Here at Southern Cross Partners we’ve become aware that New Zealand parents are finding it harder than ever to help their children buy homes because certain mainstream bank lending requirements mean that asset wealth is no longer good enough for mainstream financiers.
It has steadily become harder and harder for parents to use their assets to guarantee the next generation’s transition into property via main trading banks.
Yes, it is still possible but not easy. Back in the day, banks could asset lend in the comfort that they would be repaid. Asset rich parents were not assessed on their ability to repay the loan – the asset was good enough.
However, in the current environment, the banks – or at least their auto-decisioning software – wants to know that the parents (or whoever else is repaying the loan) have the income to service the mortgage if something goes wrong. Of course, when people are retired or close to retiring, they’re asset rich but income poor.
One way some banks are approaching the problem is to require that the parents and the children enter the mortgage as co-borrowers. The parents put up the security, and the kids make the repayments.
The problem with co-borrowing is that it is ambiguous as to who owns what. For example, how does the co-borrowing and property co-ownership arrangement work, what are the entitlements of each party on the sale of the property and what happens if there’s a falling out?
Another option is to ask the parents to raise the deposit by borrowing against their property.
For example, a daughter and her husband may be buying a house for $1 million, but they have only saved $50,000. Her parents could borrow the $150,000 against their property.
The result is that we have a couple who have worked hard all their lives – and are getting to a point where they can consider retiring on what they have built – when suddenly they find themselves in debt again for a significant amount of money. The children will pay – most of the time – but there is still the risk factor because life happens.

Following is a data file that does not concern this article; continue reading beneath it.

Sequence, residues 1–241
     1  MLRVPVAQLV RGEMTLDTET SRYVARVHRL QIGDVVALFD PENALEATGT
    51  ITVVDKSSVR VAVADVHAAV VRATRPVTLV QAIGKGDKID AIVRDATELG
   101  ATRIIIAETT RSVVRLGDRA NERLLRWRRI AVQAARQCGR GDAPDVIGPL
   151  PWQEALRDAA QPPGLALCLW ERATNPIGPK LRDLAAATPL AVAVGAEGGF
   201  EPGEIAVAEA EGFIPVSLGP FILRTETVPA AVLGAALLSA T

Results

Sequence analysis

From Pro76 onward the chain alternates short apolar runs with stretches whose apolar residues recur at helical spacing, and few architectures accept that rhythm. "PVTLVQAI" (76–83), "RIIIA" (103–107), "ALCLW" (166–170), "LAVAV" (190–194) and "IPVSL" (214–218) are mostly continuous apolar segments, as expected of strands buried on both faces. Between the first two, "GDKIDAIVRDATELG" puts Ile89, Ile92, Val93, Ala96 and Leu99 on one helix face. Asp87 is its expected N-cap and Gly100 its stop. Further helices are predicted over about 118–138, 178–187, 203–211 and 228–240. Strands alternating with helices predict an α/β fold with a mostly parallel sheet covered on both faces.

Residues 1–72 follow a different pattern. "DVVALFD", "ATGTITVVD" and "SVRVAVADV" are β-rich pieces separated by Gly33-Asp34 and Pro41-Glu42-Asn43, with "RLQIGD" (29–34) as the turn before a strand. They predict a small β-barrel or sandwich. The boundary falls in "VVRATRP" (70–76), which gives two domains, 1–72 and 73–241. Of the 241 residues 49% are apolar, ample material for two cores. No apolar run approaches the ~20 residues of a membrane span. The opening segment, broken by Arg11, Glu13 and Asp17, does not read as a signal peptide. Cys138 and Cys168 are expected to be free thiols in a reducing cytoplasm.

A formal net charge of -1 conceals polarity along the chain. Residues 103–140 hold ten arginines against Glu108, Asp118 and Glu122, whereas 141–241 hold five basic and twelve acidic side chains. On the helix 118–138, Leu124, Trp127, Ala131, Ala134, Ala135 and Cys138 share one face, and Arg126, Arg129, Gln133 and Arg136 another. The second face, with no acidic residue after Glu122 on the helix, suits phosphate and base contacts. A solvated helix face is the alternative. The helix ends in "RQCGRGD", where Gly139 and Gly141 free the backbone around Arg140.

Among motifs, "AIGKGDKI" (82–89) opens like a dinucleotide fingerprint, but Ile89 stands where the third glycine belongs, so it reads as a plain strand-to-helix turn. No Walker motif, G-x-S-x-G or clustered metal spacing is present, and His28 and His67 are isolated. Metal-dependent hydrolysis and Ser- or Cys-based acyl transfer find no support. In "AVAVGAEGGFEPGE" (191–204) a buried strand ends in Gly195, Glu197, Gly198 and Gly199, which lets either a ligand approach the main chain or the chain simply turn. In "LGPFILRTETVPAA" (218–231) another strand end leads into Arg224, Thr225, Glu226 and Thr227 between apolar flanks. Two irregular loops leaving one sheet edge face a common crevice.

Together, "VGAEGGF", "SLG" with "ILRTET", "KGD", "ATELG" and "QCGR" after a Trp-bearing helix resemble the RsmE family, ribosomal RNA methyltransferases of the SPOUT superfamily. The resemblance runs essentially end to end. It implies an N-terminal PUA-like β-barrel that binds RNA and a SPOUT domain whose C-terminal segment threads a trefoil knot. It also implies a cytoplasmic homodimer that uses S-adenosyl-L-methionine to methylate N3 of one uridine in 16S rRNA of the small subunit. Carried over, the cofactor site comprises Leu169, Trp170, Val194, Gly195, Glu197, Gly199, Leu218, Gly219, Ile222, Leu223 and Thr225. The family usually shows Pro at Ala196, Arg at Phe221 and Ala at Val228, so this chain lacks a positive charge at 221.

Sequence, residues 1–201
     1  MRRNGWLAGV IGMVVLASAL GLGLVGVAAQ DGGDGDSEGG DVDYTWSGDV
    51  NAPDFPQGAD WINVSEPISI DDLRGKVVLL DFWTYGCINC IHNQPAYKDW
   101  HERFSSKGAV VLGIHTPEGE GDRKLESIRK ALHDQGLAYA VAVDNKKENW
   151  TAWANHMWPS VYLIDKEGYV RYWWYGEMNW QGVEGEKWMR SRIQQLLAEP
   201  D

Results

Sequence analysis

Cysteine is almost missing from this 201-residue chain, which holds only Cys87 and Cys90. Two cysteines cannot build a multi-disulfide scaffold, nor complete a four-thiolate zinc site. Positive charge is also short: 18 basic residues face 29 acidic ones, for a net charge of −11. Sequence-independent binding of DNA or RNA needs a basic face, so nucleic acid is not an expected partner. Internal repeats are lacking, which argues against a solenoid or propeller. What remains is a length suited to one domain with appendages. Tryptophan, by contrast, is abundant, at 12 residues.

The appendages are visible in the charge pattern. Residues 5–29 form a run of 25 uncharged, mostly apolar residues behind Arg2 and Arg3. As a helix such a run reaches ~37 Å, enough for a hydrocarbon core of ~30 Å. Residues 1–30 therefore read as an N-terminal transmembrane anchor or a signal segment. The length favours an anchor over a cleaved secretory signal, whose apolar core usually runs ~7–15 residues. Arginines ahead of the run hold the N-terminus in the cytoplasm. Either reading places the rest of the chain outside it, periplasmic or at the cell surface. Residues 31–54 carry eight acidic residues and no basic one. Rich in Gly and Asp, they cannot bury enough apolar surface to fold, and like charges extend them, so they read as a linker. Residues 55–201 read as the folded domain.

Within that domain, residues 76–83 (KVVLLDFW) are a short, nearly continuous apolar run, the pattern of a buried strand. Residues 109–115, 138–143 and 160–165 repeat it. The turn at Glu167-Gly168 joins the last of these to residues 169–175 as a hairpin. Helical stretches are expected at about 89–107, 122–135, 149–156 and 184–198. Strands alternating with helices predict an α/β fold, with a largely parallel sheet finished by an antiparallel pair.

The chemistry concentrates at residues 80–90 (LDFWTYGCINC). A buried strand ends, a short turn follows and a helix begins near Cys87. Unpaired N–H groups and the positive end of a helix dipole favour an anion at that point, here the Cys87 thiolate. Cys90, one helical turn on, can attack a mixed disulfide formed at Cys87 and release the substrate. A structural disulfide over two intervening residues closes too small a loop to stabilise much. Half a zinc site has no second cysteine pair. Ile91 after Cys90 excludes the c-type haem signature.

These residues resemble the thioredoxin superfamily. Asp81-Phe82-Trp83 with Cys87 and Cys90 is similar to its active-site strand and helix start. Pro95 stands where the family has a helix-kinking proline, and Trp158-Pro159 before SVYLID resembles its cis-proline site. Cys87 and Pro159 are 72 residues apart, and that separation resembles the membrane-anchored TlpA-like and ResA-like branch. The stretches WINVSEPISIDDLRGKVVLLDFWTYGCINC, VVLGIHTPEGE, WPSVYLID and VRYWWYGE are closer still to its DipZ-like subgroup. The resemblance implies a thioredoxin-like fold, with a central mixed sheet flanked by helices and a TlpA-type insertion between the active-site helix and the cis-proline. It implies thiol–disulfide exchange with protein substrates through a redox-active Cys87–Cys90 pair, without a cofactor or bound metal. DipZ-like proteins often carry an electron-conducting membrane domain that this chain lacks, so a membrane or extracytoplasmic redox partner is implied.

Previously, all parents needed to do was provide a guarantee against their assets – even for a second sibling – and the debt would still be all in the children’s names.”
The lack of ‘wealth transfer products’ and the failure of banks to consider applications on a more personal, case-by-case basis (even when the deal makes sense from a commercial decision perspective), is contributing to a boom for non-bank lenders.
At Southern Cross Partners our lending has grown by more than 20 per cent year-on-year in part because of the one-size-fits-all way many mainstream banks are assessing lending deals, including the provision for wealth transfer type loan structures.
KPMG’s Financial Institutions Performance Survey in New Zealand – confirms that the non-banking sector had seen significant growth as high as the mid-teens, starting about 18 months ago.
“For the first time ever, we see mainstream banks aren’t sucking up most of the mortgage applications. People who have never had a ‘no’ from the bank in their lives are suddenly finding themselves declined,” the report said.
The report goes on to say that reasons for the conservative approach by mainstream banks was precipitated by lending restrictions in Australia that make it difficult for parent banks to lend to their New Zealand banks, and much tighter scrutiny of mortgage applications.
“We have an ageing population and a climate that makes it increasingly difficult to facilitate inter-generational wealth transfer. Older people who have retired and have no income from a job as such, but who are asset rich, nevertheless are being told ‘no’,” the KPMG report said.
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